CHENNAI: With the mind of a monkey, Ashok Selvan of Thegidi fame first decided to give up his love for sports and enrolled himself for a VisCom degree at Loyola College, Chennai in 2007, but soon switched loyalties to acting. “Two months into the course and I had already started hating studies. My set of friends, Raghu, Vivek and Vinodh, and I were the typical last benchers, who loved to roam about the Loyola campus aimlessly,” says the 24-year-old. Interestingly, all the dreamers are now actors.
Loyola came as quite a shock for this Santhome High School graduate. “Hanging out with the kuppam (fishermen community) boys and then to get a blast of the liberal atmosphere at Loyola — right from the way people dressed, good looking girls and such — it was quite a culture shock. But I soon managed to ‘fit’ in.” Bitten by the acting bug right after he stepped into Loyola, he began trying seriously for a break from his second year onwards and got his ‘mini’ entry as the younger version of actor Ajith in Billa 2 released in 2012. “It was probably the ‘smallest’ debut anyone has had,” he guffaws referring to his screen time. But lady luck was smiling at the six-plus footer, whose supporting role in Vijay Sethupathy’s Soodhu Kavvum (2013) made people notice him. This was soon followed by a leading role in Pizza II — Villa. Made with a budget of `7 crore, Villa raked in `25 crore at the box office. However, Thegidi, which released in February, was the turning point for the actor, whose performance in the movie won him rave reviews.
Loyola was also special for the light-eyed boy as this was where he discovered his first love. “It was beautiful, and predictably didn’t work out,” he laughs. The romance phase of his college life was followed by three-four crushes after a failed love (I didn’t know she had a boyfriend, he says hurriedly), “But nothing really worked out. However, I am thankful for my friend Sithara as far my friends of the opposite sex are concerned,” he says, adding, “We are friends to this day.”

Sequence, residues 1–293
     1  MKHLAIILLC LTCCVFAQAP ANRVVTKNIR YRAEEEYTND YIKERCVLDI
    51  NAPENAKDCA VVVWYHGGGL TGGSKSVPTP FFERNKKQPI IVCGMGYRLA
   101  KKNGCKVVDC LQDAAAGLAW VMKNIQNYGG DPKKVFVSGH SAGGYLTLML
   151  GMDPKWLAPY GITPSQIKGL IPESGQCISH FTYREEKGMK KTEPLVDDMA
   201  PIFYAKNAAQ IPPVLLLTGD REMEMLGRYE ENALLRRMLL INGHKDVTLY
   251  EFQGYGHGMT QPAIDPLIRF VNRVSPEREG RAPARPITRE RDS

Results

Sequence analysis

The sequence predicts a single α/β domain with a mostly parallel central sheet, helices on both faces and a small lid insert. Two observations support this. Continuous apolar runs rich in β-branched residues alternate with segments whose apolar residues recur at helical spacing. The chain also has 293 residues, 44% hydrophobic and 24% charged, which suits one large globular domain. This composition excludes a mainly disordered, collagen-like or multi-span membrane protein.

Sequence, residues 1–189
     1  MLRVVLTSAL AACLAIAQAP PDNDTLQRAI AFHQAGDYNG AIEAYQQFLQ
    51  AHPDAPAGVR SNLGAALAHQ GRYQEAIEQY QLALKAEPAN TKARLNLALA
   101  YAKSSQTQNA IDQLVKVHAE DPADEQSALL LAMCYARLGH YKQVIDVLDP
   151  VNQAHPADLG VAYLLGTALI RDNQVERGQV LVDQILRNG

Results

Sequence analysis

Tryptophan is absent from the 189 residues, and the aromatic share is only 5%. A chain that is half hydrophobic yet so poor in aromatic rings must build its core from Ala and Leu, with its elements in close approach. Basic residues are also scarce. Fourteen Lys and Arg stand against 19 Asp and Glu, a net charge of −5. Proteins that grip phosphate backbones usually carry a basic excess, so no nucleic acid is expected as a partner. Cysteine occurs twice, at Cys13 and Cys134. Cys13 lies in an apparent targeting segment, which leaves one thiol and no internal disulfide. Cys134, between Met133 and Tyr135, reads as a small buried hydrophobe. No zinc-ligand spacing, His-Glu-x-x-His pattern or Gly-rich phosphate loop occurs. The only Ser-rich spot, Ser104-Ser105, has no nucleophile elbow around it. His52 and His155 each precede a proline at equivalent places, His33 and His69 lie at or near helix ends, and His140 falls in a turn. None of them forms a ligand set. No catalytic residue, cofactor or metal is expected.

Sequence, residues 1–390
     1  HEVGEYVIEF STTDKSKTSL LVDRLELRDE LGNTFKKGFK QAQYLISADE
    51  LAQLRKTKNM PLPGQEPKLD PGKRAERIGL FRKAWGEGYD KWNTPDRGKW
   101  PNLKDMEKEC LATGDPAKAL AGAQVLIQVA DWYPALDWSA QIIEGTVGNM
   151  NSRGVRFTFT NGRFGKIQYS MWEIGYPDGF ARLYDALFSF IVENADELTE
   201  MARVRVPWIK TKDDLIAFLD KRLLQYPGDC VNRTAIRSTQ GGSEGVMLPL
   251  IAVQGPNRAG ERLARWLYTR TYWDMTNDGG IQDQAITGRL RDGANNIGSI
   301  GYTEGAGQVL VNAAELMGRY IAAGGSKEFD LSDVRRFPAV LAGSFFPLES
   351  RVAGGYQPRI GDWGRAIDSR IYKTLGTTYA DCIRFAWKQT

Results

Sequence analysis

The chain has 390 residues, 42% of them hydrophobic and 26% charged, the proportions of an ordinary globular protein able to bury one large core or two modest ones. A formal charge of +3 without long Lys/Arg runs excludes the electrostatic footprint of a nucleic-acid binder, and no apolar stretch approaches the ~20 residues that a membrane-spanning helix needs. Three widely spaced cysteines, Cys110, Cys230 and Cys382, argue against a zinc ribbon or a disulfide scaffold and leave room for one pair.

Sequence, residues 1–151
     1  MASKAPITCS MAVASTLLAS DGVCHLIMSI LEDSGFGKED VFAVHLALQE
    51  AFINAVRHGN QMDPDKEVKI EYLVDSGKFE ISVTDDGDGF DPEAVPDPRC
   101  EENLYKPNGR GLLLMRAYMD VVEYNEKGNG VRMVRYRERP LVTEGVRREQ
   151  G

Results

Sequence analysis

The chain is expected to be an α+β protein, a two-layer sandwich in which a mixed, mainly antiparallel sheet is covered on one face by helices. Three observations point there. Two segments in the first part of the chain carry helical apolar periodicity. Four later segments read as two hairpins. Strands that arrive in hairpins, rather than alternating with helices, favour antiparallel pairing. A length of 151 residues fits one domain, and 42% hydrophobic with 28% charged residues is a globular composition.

Being regular to college in the first two-three months, Ashok started bunking soon after to hang out with friends. “I was hardly in college and had a lot of arrears, but finally managed to clear them all.” The soft-spoken Vetri of Thegidi had a different image from that on the screen in college — one who loved panchayats (read getting into fights). “I remember this one incident where a 6’4” boxer marched into the classroom and started beating one of our classmates. Trying to stop him from beating up the poor guy to pulp, I intervened and immediately paid the price. I got a few blows too. The only thing I remember afterwards was pouncing at him madly.” With torn clothes, he also remembers his professor watching the tamasha from a safe distance. “We thought we were in for it. But to our surprise our professor joked about the department stocking up on samaan (weapons) for such untoward incidents,” he says.
Drama was something Ashok loved and was known for it. “When we won the intercollegiate fest, Ovations, it was complete mayhem. We carried the Department Secretary on our shoulders, picked up a dustbin out of nowhere and went on a parade. There was dance, laughter and madness everywhere.” Being so notorious, can his life be short of embarrassing moments? Not for our guy. “In my second year, my friends and I visited a cinema workshop. I tried to flirt with one of the volunteers and to my surprise and embarrassment, she turned out to be a junior and also had my phone number! I was left red-faced.”
Another incident he would love to forget is his experience with external examiners who visited the campus during internals. “There’s no hard and fast rule that they need to be so stiff and unhelpful. It would be nice if such people mentored students and do not live up to the stereotype of terrorising the students taking the exams.”
Ashok also had a handful of good moments at Loyola. Despite not being much into sports, he was made his department’s Sports Secretary and also took part in street theatre. He says he misses his college campus even now. “Every three-four days, I get nostalgic about the campus, the cafeteria, the car park…places where we had so much fun.”